RENEE MONTAGNE, HOST:

Health care will be part of the debate this season. So will the mechanics of the election itself.

A new report finds almost two million dead people are currently registered to vote. Twenty-four million registrations are either invalid or inaccurate. There's little evidence this has led to widespread fraud, but it has raised concerns that the system is vulnerable.

NPR's Pam Fessler reports on an effort to clean things up.

PAM FESSLER, BYLINE: Here's the problem: Like many Americans, Ben Skupien of northern Virginia has moved repeatedly. Over the years, he says, he's registered to vote in about a half-dozen states.

BEN SKUPIEN: The assumption, I would think, is that they would do the courtesy of letting the others states know that if you're registered with a new state, then other one would no longer apply.

FESSLER: Nina Horowitz thought pretty much the same thing when she moved to Washington, D.C. from Illinois.

NINA HOROWITZ: Maybe I assumed that if I registered someplace else, it would sort of nullify the other registration. But that's probably too much to expect. I doubt the states actually talk to each other about it.

FESSLER: And about that, Horowitz is correct. States share some information, but not a lot. A new study by the Pew Center on the States finds that almost three million people are registered in more than one state. Election officials say it's hard to keep up with one in eight Americans moving each year. They also have to keep up with voter deaths. Linda Lamone runs elections for the state of Maryland.

LINDA LAMONE: If a John Smith lives in Maryland and goes to another state - say, on vacation - and dies, the law of the state where John Smith dies dictates whether or not the Maryland vital statistics people can share that information with me.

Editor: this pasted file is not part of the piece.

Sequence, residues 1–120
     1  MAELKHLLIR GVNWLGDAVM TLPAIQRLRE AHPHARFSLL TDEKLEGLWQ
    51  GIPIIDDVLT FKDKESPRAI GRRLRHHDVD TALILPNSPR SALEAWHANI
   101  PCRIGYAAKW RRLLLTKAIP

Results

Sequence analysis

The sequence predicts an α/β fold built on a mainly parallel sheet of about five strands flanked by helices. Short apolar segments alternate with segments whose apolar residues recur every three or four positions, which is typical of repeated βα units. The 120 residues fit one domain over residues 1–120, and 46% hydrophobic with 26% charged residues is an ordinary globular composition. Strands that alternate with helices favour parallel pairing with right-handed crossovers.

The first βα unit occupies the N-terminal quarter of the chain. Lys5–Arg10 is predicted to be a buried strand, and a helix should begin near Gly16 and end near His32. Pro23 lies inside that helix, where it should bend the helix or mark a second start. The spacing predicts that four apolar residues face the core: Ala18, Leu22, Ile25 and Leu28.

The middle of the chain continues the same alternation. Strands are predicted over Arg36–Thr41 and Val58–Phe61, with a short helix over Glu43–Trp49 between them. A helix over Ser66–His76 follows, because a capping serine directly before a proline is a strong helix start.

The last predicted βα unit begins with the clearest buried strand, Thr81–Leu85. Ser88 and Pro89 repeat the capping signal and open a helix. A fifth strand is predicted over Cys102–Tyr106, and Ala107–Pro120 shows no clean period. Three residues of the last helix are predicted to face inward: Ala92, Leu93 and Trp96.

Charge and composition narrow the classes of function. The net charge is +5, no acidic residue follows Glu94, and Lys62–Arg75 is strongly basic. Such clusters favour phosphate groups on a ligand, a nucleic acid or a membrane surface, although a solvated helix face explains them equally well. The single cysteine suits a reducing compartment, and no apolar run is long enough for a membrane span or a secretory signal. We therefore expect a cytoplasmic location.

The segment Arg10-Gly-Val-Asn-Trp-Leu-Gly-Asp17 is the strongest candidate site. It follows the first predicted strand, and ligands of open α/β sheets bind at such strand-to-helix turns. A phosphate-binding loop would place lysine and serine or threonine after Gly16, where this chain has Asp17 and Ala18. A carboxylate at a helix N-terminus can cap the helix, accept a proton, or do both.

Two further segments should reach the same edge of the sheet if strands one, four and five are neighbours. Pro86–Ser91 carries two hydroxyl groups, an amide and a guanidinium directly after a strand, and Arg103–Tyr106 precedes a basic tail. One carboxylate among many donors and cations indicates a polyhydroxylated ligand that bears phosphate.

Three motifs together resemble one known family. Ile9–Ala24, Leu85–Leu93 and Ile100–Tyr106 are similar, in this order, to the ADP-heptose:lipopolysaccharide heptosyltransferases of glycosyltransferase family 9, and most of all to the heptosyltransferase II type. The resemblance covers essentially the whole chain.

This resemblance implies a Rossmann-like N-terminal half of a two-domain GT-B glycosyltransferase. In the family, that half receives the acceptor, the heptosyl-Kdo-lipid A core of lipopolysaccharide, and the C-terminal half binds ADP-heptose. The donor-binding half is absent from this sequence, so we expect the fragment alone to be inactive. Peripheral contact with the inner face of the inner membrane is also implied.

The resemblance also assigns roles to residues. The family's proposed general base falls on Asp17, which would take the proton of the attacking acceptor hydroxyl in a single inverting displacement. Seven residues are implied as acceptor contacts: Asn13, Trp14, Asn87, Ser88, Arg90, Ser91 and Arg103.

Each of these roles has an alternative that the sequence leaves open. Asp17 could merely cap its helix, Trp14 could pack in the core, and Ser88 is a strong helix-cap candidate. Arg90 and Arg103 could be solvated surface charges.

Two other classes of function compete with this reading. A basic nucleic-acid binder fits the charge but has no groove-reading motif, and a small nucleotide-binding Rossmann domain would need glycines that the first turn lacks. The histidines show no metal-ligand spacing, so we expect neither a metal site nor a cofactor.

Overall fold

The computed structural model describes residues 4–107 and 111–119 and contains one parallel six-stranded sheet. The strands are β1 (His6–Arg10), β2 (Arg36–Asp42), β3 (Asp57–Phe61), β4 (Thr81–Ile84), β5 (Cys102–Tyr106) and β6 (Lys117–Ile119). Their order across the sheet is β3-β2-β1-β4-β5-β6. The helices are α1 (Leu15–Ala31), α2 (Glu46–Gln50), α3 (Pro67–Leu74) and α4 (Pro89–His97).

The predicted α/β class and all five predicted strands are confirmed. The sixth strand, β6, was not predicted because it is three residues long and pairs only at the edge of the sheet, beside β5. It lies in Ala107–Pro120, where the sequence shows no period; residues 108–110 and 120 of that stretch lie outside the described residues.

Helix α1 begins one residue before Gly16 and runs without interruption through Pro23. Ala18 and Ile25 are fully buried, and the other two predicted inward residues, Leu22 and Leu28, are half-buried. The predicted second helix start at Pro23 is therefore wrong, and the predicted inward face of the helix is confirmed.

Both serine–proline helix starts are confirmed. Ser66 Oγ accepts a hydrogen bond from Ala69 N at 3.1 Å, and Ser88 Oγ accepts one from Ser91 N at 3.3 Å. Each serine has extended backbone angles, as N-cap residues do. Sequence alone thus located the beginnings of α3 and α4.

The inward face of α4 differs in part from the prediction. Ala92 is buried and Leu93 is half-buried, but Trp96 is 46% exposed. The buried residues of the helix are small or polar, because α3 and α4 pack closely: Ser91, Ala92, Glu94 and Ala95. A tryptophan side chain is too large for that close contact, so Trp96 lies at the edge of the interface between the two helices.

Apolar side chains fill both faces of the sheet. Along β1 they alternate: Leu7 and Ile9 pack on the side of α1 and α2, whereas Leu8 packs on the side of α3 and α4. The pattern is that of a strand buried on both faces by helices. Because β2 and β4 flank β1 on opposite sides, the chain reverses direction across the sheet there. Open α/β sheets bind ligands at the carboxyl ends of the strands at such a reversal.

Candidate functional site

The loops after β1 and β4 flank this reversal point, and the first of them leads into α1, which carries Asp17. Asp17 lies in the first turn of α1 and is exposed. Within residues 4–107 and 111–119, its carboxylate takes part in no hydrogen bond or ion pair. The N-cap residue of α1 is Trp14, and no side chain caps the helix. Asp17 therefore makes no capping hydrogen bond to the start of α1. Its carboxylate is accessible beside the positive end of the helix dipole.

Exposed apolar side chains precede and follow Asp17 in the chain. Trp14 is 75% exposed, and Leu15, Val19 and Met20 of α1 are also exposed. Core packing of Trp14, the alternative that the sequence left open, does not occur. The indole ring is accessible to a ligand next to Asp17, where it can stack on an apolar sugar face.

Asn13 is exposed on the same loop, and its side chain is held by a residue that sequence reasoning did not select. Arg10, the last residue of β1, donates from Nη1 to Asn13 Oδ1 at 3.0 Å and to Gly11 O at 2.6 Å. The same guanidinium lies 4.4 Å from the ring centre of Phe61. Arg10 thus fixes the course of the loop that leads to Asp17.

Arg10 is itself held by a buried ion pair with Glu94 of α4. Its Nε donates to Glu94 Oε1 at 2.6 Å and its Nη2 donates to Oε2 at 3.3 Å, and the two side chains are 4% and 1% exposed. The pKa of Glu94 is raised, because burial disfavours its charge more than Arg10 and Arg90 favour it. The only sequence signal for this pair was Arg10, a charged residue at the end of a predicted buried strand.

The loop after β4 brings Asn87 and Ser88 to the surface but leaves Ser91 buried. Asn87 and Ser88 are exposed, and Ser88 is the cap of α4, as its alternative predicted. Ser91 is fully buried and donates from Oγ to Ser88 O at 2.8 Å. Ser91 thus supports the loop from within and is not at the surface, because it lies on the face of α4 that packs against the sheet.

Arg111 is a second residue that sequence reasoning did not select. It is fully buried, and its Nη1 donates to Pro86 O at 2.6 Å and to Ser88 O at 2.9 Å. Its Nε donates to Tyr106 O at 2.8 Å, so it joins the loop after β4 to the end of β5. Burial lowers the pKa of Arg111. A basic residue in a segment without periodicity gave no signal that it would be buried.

FESSLER: And even when they do - or if a person dies in-state - it's also not always clear that the individual on the death certificate is the same one registered to vote. Election officials have to do a lot more digging to avoid accidentally taking someone off the rolls who's very much alive.

SAM REED: You can never assume just because something comes up in the computer it's correct.

FESSLER: Sam Reed is the long-time Secretary of State for Washington State. He says it's amazing how many times they found names that appear to be the same person, but turn out not to be.

REED: And we've even had cases, in very small counties, people same name and same birth dates.

FESSLER: Which, he says, has led to inaccurate reports that dead people are voting. Reed admits there are cases in his state where widows or widowers have cast ballots for former spouses, but he says such fraud is very rare. Still, election officials say it's important that the public have confidence in the system. So Washington and seven other states are joining a pilot program to share more voter information and other databases to try to make their lists more accurate.

DAVID BECKER: What this system will do is it'll take in data from the states who choose to participate, specifically motor vehicles data and voter registration data.

FESSLER: David Becker, director of election initiatives at Pew, which has organized the project.

BECKER: And it will be matched, along with some data that many states use already, like national change of address data from the Postal Service.

FESSLER: And other information to help them weed out duplicates and mistakes. Becker says the program will also allow help states to identify some of the 50 million-plus Americans who are eligible to vote but aren't registered, so election officials can then contact them and encourage them to sign up. It all sounds great, says Lillie Coney of the Electronic Privacy Information Center, a research group in Washington, D.C., but she and other privacy advocates say they'll be watching closely to make sure that all this data-sharing actually leads to more accurate voter rolls.

LILLIE CONEY: We do know that there are a lot of people who want to believe that that, in fact, will be the case, but we want to see the numbers.

FESSLER: She recalls another data-matching program in Florida, where legitimate voters were confused with convicted felons and mistakenly removed from the rolls. Becker of Pew says no one's name will be deleted automatically, that officials are required by law to try to contact the voter first. Pam Fessler, NPR News, Washington.

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